The Kings Cross Medically Supervised Injecting Centre (MSIC) on Darlinghurst Road in Sydney provides a sterile environment where users can obtain clean equipment and medical treatment as well as be supervised while using. The MSIC has saved hundreds of lives in the last 5 years, demonstrating its purpose. You can’t offer drug cessation treatment to a dead junkie. There is no evidence to support claims of a ‘honeypot’ effect; KX has been a central point of heroin use in Australia for the last 50 years. The MSIC shifts the problem out of the doorways and footpaths and into the care of medical professionals.
A number of agents, including the NSW Liberal Party and the Kings Cross Merchants Association, have been trying to shut down the MSIC for the last five years, citing loss of trade. Mysteriously, on the night before NSW Liberal Party leader Peter Debnam made a media statement denouncing the MSIC, a large number of uncapped syringes were dumped in a public rubbish bin in The Cross.
The Daily Telegraph says:
THESE are the photographs that shame the so-called “safe” injecting room in Kings Cross – dozens of syringes spilling from a bin in a public street.
At best, the photographs prove critics’ claims that the taxpayer-funded centre is a honeypot that attracts and keeps drug addicts in the area.
At worst, they show that centre staff are exposing the public to potentially deadly blood-tainted needles by showing no care in their disposal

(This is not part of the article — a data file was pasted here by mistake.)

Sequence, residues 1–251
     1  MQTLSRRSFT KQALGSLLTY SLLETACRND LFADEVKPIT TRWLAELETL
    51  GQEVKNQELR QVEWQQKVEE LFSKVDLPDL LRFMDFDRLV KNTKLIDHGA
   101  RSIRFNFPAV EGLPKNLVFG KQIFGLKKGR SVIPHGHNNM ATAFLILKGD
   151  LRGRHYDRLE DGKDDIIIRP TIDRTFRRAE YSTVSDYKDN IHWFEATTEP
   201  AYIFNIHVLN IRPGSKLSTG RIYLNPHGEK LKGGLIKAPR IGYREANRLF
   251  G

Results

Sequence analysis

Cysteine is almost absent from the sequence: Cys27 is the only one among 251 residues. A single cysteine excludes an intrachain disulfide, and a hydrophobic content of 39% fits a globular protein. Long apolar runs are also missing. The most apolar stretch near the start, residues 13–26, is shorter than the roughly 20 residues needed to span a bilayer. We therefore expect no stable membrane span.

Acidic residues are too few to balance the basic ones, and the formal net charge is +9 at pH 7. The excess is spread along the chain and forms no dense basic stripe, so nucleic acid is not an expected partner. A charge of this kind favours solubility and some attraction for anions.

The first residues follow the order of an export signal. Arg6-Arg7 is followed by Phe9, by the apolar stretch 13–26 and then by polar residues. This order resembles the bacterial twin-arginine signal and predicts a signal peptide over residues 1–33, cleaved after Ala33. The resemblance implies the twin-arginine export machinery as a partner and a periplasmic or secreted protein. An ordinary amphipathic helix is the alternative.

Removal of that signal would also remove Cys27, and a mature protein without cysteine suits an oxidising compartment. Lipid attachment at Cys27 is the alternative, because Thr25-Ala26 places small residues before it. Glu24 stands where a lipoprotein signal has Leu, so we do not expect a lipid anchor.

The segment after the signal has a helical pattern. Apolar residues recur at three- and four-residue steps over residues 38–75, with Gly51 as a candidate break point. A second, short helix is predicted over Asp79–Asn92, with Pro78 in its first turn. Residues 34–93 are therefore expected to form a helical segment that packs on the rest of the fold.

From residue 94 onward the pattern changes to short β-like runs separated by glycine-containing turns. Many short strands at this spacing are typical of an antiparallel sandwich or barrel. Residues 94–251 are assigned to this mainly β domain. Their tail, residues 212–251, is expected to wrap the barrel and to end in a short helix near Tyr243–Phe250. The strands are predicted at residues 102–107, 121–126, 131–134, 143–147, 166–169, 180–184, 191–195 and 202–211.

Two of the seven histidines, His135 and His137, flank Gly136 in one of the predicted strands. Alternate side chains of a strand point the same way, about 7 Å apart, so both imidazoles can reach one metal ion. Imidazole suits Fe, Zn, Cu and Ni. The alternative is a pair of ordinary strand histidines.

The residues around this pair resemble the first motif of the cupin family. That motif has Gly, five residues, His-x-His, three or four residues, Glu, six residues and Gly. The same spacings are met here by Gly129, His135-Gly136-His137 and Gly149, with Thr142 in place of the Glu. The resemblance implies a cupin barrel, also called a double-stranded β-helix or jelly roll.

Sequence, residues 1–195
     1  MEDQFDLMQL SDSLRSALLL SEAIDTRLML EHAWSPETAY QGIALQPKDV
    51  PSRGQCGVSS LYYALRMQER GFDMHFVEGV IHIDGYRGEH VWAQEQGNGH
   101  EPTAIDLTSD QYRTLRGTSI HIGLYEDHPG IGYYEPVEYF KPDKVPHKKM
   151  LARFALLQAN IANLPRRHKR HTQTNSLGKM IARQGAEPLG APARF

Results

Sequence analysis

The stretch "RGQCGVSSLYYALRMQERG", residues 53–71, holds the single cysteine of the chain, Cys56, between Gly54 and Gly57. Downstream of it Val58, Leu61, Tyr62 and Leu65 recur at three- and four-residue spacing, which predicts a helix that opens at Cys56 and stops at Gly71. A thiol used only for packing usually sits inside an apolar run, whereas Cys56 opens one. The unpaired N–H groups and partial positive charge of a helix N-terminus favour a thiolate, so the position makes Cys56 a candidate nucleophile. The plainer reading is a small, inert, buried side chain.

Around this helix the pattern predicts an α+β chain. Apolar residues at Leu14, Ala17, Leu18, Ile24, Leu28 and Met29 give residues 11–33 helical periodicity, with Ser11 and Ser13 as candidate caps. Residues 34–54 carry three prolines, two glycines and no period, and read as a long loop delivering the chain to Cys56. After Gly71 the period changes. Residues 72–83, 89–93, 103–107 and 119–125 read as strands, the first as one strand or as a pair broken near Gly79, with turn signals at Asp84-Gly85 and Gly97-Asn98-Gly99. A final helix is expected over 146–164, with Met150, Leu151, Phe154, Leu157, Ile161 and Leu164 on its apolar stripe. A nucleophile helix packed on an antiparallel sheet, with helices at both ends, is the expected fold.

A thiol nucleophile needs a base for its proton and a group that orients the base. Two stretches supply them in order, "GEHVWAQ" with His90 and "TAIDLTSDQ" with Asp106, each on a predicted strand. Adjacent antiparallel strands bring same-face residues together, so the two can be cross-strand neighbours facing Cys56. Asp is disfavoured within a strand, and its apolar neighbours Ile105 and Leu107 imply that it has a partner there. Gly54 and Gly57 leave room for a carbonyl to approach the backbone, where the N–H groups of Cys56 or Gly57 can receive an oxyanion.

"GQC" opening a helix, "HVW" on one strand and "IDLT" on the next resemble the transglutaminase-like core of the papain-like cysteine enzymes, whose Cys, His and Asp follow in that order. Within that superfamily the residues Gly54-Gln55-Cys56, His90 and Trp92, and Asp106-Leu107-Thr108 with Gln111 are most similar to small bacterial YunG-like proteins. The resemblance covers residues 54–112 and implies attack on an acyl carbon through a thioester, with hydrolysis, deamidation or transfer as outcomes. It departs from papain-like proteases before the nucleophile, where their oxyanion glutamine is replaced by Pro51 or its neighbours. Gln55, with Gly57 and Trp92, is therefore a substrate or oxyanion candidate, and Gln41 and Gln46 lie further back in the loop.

MSIC manager Dr Ingrid van Beek inspected the syringes and commented:
“It would appear likely to be a stunt,” Dr van Beek said.
“None of the many syringes had actually been used. They had been taken out of their packets, the caps were removed, and they were strewn on top of a garbage bin.
“There were no traces of blood or drugs in any of the syringes. They were most certainly not syringes used by drug users.
“They were also not the brand of syringes distributed in this area.”
Trade is certainly down in KX as evidenced by the number of empty shopfronts along Darlinghurst Road of late. However, in my conversations with folk who once went to The Cross for a bit of horseplay, it’s not the junkies keeping customers away- it’s the police sniffer dogs being used in pubs, restaurants and clubs. People are afraid of getting sniffed, even if they were merely in the vicinity of someone smoking some pot, if not doing so themselves.
KX has long been known as Sydney’s vice central, be it sex, drug or drink- and has built its commercial reputation on such for decades. It’s no surprise that when draconian policing is applied, the party atmosphere fairly well croaks. The KX Merchants Association can’t have it both ways.
Regardless, the success of commercial trade in a tiny Australian suburb will never morally trump putting injecting drug users into the care of medical professionals. Worse, dirty media charades definitely don’t help prove the case for closure of the MSIC.
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